Thursday, May 30, 2013

Veggie Power or Power Outage?

I am constantly trying to get me and my family to eat more fruits and vegetables.   They are the basis for health and well-being.  At least that's what I have been told.  As a gardener,I am very keen to grow hybrid versions of plants, fruits and vegetables.  They are usually easier to grow, have larger harvests, and are disease resistant.  I have never really considered whether or not they are healthier than their ancestors.

This weekend in the New York TImes, Jo Robinson wrote an interesting Op-Ed piece called, "Breeding the Nutrition Out of Our Food".  Mr. Robinson is the author of the soon to be published, "Eating on the Wild Side, The Missing Link to Optimum Health".   He writes about the phytonutrient content in our produce.  A phytonutrient is compound with the potential to reduce the risk of four of societies largest health problems; dementia, diabetes, cardiovascular disease and cancer.  Researchers now have the capability to analyze the milligrams per pound of plants, wild and supermarket produce.  The results are pretty shocking.

Spinach and I have a love-hate relationship.  I love it sautéed and hate the way it tastes raw.  My solution has been to add it to my smoothies, soups and sauces.  It never occurred to me that I would be much better off sneaking in Dandelion Greens.  That's right, dandelion greens. They are popular in the vegan set for raw salads right now. Dandelion greens  are such a super food that they make spinach look like iceberg lettuce.  Dandelion greens have seven times the phytonutrient content of spinach.  Forget the Weed Be Gone, grab a spoon and start digging!

Farmers throughout history have worked to make produce more palatable.  This usually involves removing the bitterness and making it sweeter.  Think of a Golden Delicious Apple.  It is sweet and fairly nondescript as far as taste goes.  It also has 100 times less phytonutrients than another heirloom species of apple.  Arugula on the other hand is very bitter and similar to its ancestors.  It is loaded with flavor and phytonutrients.  The produce America gravitates to, myself included are corn and potatoes. They have basically been hybridized to globs of sugar and starch.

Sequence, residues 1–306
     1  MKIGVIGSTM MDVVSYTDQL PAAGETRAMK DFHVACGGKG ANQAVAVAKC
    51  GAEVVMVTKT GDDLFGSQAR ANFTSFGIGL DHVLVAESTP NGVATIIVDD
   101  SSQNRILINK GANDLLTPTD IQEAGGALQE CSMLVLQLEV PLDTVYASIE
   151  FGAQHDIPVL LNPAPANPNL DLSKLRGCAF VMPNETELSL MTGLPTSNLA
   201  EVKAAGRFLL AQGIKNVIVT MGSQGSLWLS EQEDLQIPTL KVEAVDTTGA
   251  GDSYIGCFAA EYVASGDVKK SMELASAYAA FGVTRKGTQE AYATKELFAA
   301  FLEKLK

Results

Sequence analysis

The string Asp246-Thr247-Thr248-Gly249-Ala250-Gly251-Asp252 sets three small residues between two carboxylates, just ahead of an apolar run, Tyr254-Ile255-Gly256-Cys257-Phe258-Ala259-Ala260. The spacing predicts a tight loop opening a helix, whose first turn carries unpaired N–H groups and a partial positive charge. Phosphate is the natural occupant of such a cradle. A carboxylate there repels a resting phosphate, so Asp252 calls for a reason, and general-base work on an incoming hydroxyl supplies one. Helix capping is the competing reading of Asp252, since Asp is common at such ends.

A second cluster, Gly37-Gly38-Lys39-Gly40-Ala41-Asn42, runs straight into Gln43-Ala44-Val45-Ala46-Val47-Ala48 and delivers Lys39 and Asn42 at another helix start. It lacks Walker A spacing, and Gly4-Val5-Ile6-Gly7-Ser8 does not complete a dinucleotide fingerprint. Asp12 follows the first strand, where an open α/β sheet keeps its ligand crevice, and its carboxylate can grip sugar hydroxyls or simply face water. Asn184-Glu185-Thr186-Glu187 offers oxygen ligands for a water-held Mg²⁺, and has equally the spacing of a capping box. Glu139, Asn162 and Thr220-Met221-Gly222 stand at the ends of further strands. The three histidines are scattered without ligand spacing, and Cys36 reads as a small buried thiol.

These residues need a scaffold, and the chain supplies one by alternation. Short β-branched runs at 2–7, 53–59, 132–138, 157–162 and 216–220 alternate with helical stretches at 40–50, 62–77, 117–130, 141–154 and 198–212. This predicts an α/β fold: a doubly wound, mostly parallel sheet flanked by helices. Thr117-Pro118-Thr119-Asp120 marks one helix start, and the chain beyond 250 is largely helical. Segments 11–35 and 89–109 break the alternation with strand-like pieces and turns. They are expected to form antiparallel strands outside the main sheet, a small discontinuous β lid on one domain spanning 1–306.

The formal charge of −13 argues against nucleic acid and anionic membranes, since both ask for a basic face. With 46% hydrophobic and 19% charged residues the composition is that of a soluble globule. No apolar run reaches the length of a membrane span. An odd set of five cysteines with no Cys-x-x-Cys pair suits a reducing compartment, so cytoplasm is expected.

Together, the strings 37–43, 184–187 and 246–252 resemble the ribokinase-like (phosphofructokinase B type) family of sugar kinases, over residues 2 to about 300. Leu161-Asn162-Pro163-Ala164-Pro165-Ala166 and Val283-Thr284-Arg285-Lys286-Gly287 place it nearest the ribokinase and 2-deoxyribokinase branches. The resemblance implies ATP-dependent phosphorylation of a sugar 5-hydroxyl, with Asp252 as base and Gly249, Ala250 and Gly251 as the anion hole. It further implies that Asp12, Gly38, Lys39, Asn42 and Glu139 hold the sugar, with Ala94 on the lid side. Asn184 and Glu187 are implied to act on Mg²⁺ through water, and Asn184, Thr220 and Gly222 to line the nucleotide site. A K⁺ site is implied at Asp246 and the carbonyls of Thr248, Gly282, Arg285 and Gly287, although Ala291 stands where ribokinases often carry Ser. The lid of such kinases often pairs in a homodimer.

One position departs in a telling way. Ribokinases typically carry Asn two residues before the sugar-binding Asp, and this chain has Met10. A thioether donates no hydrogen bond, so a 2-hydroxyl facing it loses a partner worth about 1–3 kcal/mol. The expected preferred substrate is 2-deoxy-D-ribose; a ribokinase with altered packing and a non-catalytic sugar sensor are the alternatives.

Some of the other produce that Robinson recommends are; herbs (parsley, rosemary, basil), purple peruvian potatoes ( 171 phytonutrients per pound versus 1.03 for a white potato), and purple/yellow carrots (38.69 phytonutrients per pound versus 2.34 for an orange carrot).  Deeper colors seem to equate to higher levels of nutrients.

U.S.D.A.plant breeders have been tirelessly working on developing produce resistant to disease.  Robinson found they have spent decades without measuring the nutrient values of the new species they have created.

The next time we begin the debate of healthcare in America, we need to address the elephants in the room, us.  We have become a nation of obese, diseased, lethargic people.  It is no surprise that our medical system is overburdened.  Until we change our thinking to preventing the current state of our diets, we will continue to grow unhealthier.  Doctors and pharmaceutical companies are just like the boy with his finger in the dam.  The dam is starting to burst along with our waistbands.

Maybe the solution to our healthcare crisis is not another diet, pill, operation or exercise craze.  Maybe the solution is changing the quality of what we eat.  Hippocrates famously said, "let food be thy medicine and medicine be thy food".  I think it's time that we as a nation take it to heart.

I'm never going to love eating raw spinach or kale but I am sure going to try.

Get out there and grow something (preferably very deeply colored)!

Happy Gardening!

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